Composite image of the center of the Milky Way galaxy.

When you think “galaxy maps,” it’s hard not to picture extremely detailed holograms seen in films like Prometheus. Instead of guiding space explorers through the Milky Way, astronomers are using a newly-created galactic map to find answers to the mysteries our galaxy holds right from Earth.

An international team of researchers has created an age-map of the central region of the Milky Way, known as the bulge. This interstellar atlas revealed that three sections of the heart of our galaxy were created over a period of 4 billion years. This means stars found in these areas might be older than previously estimated.

Join our private Dope Space Pics group on Facebook for more strange wonder.

The results of this study will be presented at the European Week of Astronomy and Space Science (EWASS) in Liverpool by Marian Rejkuba, of the European Southern Observatory, on April 3.

This is the infrared map constructed from the VISTA Variables in the Via Lactea (VVV) survey of the inner Milky Way showing the three areas studied.
This is the infrared map constructed from the VISTA Variables in the Via Lactea (VVV) survey of the inner Milky Way showing the three areas studied.

The group examined the light data from millions of stars in an attempt to identify their composition, which can be used to denote their age. This study was made possible by readings of the bulge gathered by the ESO’s Visible and Infrared Survey Telescope for Astronomy and Very Large Telescope, in Chile.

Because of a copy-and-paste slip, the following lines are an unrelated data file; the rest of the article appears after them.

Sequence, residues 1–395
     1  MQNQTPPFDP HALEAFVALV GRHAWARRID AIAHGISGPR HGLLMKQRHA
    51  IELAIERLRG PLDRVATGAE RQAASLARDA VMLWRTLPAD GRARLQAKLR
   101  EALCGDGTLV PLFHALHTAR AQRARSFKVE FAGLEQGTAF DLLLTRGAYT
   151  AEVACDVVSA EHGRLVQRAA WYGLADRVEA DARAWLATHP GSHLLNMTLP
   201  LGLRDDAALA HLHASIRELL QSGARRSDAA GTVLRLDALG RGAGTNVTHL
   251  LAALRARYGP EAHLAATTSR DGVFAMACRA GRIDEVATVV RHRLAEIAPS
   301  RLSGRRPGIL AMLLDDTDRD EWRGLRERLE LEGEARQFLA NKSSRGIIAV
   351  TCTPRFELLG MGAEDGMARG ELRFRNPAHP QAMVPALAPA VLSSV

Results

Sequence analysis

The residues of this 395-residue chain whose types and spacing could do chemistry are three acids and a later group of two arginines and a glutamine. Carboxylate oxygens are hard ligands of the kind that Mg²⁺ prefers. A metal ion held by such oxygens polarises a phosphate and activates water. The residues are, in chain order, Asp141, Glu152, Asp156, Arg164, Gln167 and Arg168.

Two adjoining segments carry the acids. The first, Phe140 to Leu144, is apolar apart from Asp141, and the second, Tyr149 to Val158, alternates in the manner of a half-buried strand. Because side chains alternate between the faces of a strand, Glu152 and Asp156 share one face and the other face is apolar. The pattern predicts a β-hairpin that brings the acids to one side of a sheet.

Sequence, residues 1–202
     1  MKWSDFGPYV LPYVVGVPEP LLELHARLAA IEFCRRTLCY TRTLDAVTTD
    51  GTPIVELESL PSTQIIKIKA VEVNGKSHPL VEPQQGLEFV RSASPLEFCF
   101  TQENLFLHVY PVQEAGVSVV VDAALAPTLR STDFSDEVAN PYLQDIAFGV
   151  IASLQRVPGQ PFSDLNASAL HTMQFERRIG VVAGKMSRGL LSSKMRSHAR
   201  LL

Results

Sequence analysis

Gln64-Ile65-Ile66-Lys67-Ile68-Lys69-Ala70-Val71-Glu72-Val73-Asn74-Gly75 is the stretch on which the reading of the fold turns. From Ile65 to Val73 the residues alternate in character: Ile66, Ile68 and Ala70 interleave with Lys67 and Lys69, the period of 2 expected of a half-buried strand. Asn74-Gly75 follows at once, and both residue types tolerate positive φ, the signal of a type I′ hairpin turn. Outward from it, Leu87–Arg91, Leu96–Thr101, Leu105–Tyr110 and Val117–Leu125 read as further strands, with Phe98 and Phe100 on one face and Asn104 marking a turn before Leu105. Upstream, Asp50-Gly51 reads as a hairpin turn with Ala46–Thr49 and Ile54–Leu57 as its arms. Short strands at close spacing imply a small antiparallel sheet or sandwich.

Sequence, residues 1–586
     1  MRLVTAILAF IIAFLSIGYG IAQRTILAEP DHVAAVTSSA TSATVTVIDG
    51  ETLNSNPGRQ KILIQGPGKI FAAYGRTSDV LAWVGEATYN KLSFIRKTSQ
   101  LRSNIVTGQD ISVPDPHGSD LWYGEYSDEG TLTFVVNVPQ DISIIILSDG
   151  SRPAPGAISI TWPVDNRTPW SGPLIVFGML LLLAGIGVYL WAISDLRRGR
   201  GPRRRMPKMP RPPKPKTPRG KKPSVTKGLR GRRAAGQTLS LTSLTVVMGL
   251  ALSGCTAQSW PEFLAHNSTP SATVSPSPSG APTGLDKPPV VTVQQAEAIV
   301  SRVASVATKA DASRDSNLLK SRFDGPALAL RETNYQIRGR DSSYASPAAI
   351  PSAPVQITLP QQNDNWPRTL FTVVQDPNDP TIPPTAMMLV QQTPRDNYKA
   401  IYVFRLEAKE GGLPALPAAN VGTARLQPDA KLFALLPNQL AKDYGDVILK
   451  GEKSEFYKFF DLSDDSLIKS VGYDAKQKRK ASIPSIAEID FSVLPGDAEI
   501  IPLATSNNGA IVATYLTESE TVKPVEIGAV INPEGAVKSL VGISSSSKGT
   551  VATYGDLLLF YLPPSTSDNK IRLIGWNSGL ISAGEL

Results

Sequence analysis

“We analyzed the color and brightness of stars to find those that have just reached the point of exhausting their hydrogen fuel-burning in the core, which is a sensitive age indicator,” says Rejkuba in a statement. “Our findings were not consistent with a purely old Milky Way bulge, but require star formation lasting around 4 billion years and starting around 11 billion years ago. The youngest stars that we see are at least 7 billion years old, which is older than some previous studies had suggested.”

This is one of the three boxes studied, showing a superposition of almost 3 million stars belonging to different Milky Way structures along the line of sight: the Milky Way disk, as well as the stars belonging to the bulge region.
This is one of the three boxes studied, showing a superposition of almost 3 million stars belonging to different Milky Way structures along the line of sight: the Milky Way disk, as well as the stars belonging to the bulge region.

Previous studies have been able to identify the two types of stars that make up the bulge: metal-rich stars and metal-poor stars. While scientists were able to agree on that much, analyses on how old these stars were produced conflicting results. The ESO’s findings were consistent across the three sections of the bulge they observed, suggesting a certain level of accuracy.

The team intends to plot a final version of the map that will display the speed at which the star formations in the center of the Milky Way formed. A next step that co-lead author of the study, Elena Valenti says, “will be an important ingredient in telling the complete story of the formation of the Milky Way bulge.”

Hopefully, they’ll be able to create some holograms to accompany these charts so us space geeks can feel a little more like Michael Fassbender discovering the Orrery for the first time.

Photos via ESO/M. Rejkuba/F. Surot Madrid/E. Valenti, NASA/JPL-Caltech/ESA/CXC/STScI